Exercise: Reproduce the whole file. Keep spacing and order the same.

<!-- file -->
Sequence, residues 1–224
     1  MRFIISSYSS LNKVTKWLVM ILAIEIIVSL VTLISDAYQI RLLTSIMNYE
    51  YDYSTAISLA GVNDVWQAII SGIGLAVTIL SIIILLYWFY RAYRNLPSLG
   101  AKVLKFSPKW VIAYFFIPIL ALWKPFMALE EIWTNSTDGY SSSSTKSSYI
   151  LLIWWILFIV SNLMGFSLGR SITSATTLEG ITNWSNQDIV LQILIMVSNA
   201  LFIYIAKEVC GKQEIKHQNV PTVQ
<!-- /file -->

Sequence, residues 1–224
     1  MRFIISSYSS LNKVTKWLVM ILAIEIIVSL VTLISDAYQI RLLTSIMNYE
    51  YDYSTAISLA GVNDVWQAII SGIGLAVTIL SIIILLYWFY RAYRNLPSLG
   101  AKVLKFSPKW VIAYFFIPIL ALWKPFMALE EIWTNSTDGY SSSSTKSSYI
   151  LLIWWILFIV SNLMGFSLGR SITSATTLEG ITNWSNQDIV LQILIMVSNA
   201  LFIYIAKEVC GKQEIKHQNV PTVQ